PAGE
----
General News of Tuesday, 11 September 2012
Source: Daily Guide
A Nigerian businessman at the head of the repackaged $200 million housing project, a replacement for the ill-fated STX Korea initiative, is at the centre of a litany of corruption-related cases in a number of states in the northern and southern parts of the oil-rich country.
Snecou Group of Companies has been contracted by the Ghana Government to construct 4000 houses at the outrage cost of $200million, and a Parliamentary approval has been sought, even though the company has a dodgy background.
Minister of Water Resources, Works and Housing, E.T. Mensah laid the documents in Parliament last Friday.
A top-notch policy advocacy grouping, Imani Ghana, made the disclosure over the weekend in a statement raising objection to the deal, especially against the backdrop of the shadowy background of the chairman of the Snecou Group of Companies, Prince Nicholas Uwachukwu.
The Snecou chairman reportedly used four of his companies to loot $40 million belonging to the northern state of Nasarawa, Imani cautioned Ghanaians, especially the authorities.
Besides the shadowy integrity of the Nigerian group of companies, the unit cost of the houses, according to Imani, was exorbitant and therefore not in the economic interest of the country.
“Clearly, the average cost of a unit ($77,000) is exorbitant in this scheme of things. In cost terms, the deal is worse than the STX one,” Imani stated. The advocacy grouping pointed out that while it supported ventures which were in the interest of the nation, it stood for “the judicious use of public resources, and a greater commitment to due diligence on the part of public purse holders”.
While referring to the Order Paper already laid before the current session of Parliament, Imani pointed out that “it should not have advanced from committee level in the first place much less laid before the full House.”
According to Imani, the report of the Joint Committee on Finance and Works & Housing which referred to a Supplier’s Credit Agreement between the Government of Ghana and the corruption-enveloped Snecou Group of Companies, as well as details of the project, was the same instrument used to design the ill-fated STX deal.
By the terms of the deal, Imani explained, Snecou would raise $77.3 million for the construction of 1000 houses for the police and military as government settled the emanating debt.
Imani pointed out that “in October 2010, the Economic & Financial Crimes Commission (EFCC) of the Republic of Nigeria indicted the Chairman of Snecou, Prince Nicholas Ukachukwu, of using four of his companies to loot $40 million of public funds belonging to the State of Nasarawa. The 171-count charge (charge sheet – FHC/LF/CR/8/2010) preferred against Prince Ukachukwu in the Federal High Court in Lafia contains several references to Snecou. The EFCC accused Snecou and its Chairman of collecting huge sums of money from the state for various projects and failing to execute. In total, $80 million of embezzled funds were evidenced in the report.”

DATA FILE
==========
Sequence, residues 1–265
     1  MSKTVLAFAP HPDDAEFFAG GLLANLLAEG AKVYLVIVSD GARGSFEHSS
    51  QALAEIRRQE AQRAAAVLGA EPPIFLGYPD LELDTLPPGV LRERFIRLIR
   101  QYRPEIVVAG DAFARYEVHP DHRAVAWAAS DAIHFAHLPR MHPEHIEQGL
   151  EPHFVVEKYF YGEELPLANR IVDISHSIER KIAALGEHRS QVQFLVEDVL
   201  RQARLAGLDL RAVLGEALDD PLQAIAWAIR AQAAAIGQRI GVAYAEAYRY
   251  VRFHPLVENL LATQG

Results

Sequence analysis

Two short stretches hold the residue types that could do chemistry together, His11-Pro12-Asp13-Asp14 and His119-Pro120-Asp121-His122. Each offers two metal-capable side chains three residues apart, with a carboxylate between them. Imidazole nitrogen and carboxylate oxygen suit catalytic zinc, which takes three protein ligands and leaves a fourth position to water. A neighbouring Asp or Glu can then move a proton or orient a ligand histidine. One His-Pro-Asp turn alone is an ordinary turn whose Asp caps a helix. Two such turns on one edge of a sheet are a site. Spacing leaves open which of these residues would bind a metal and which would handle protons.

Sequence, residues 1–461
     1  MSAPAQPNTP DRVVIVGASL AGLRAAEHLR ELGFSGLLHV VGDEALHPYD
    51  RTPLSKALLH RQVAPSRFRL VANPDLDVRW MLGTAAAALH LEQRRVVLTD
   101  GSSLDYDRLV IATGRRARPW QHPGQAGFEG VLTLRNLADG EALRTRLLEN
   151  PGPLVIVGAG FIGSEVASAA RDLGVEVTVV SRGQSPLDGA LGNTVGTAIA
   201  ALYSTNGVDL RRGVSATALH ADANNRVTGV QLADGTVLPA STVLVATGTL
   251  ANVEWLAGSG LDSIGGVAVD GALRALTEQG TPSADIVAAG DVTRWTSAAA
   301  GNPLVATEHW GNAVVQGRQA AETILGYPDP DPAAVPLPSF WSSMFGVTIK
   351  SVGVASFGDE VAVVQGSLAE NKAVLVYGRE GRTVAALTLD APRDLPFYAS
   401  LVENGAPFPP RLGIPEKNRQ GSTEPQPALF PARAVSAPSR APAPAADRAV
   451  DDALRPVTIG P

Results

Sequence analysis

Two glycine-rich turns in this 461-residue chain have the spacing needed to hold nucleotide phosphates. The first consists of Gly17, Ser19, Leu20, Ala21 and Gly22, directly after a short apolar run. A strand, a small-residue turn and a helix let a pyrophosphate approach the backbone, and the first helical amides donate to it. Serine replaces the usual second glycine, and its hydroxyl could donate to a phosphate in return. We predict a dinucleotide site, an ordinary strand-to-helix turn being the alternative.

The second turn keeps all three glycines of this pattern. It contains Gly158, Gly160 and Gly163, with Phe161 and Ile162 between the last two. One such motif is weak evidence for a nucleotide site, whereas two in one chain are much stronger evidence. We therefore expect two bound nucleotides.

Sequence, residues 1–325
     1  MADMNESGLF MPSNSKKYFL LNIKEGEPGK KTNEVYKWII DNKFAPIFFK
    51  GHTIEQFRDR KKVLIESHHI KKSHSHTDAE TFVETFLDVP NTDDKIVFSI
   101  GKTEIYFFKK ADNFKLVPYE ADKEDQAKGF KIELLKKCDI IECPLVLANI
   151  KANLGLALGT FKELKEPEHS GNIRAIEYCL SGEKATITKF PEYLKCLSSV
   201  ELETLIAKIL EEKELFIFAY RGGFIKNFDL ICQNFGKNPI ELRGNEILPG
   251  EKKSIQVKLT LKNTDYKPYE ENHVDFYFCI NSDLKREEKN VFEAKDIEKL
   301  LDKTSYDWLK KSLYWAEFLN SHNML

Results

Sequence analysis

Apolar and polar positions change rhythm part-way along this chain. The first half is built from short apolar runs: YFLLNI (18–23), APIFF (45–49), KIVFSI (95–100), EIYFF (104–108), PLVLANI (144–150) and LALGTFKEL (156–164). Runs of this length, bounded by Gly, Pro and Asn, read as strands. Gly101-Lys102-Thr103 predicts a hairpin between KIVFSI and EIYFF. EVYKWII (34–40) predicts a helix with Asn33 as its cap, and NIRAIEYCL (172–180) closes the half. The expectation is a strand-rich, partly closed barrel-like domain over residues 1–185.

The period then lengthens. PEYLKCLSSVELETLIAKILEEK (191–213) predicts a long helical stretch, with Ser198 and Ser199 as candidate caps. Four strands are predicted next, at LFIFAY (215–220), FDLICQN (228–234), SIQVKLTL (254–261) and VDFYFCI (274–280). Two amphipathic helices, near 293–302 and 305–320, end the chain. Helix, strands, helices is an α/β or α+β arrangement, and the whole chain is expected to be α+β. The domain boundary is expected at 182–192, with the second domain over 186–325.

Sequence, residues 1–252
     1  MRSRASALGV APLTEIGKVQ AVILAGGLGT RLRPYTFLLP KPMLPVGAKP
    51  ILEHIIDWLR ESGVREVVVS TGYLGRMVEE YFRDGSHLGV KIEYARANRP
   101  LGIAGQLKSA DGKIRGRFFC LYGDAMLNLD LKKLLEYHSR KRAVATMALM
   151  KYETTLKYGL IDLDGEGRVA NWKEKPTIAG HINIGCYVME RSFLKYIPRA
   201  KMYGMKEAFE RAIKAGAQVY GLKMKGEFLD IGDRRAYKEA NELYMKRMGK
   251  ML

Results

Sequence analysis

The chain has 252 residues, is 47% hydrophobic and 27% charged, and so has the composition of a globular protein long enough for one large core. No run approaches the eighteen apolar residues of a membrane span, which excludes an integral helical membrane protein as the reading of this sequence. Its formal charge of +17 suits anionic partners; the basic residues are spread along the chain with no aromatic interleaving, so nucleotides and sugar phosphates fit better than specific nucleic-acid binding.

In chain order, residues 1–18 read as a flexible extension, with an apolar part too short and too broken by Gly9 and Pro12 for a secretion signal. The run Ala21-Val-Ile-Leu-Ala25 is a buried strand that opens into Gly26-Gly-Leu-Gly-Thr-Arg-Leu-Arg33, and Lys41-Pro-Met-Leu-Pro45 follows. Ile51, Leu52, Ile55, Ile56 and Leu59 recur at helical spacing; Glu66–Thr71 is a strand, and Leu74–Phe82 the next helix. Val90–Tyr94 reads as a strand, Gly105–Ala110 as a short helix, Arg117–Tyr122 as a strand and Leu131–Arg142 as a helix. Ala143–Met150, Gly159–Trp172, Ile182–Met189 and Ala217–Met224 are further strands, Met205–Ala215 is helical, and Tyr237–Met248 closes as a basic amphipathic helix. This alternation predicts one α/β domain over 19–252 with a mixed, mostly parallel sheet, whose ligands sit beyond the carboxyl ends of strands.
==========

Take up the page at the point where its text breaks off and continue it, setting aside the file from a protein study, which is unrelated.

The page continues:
In another southern state of Bayelsa, the group of companies has been cited in a number of multi-million dollar abandoned projects. “Similar concerns have been raised about Snecou in connection with billions of Naira in construction contracts in Bayelsa state. In one case, Snecou won a contract to build a hospital valued at $120 million in the state. After huge payments had been made to the company, the project was finally abandoned,” Imani posited.
The advocacy grouping, in view of the foregone, counselled that the report, now before Parliament, be returned to the committee for the appropriate diligence to be conducted into the background and track record of Snecou and its chairman, Prince Ukachukwu.
Turning to a Buyer’s Credit Agreement between the Republic of Ghana and Italconstruct Limited, a local real estate company, for the supply of 4000 houses at a cost of $200 million, the terms of the offer did not improve on the one made by STX, according to Imani.
“At $50,000 base cost per unit, it is likely that the final price per unit will hit $60,000 or more. This is considerably above the ministry’s own threshold of $10,000 for affordable housing in Ghana.”
Imani pointed out that Italconstruct offered two-bedroom houses for sale on its website at just a little above $25,000 and therefore wondered why “the company should be quoting more than $50,000 per unit for a large-scale project whose capital costs are being fully underwritten by the state”.
DAILY GUIDE has been reliably informed that the affordable houses initiated by the Kufuor-administration had been sold out. An anonymous person told DAILY GUIDE that “when I went to the Works and Housing Ministry to make an enquiry, a notice was pasted to that effect.”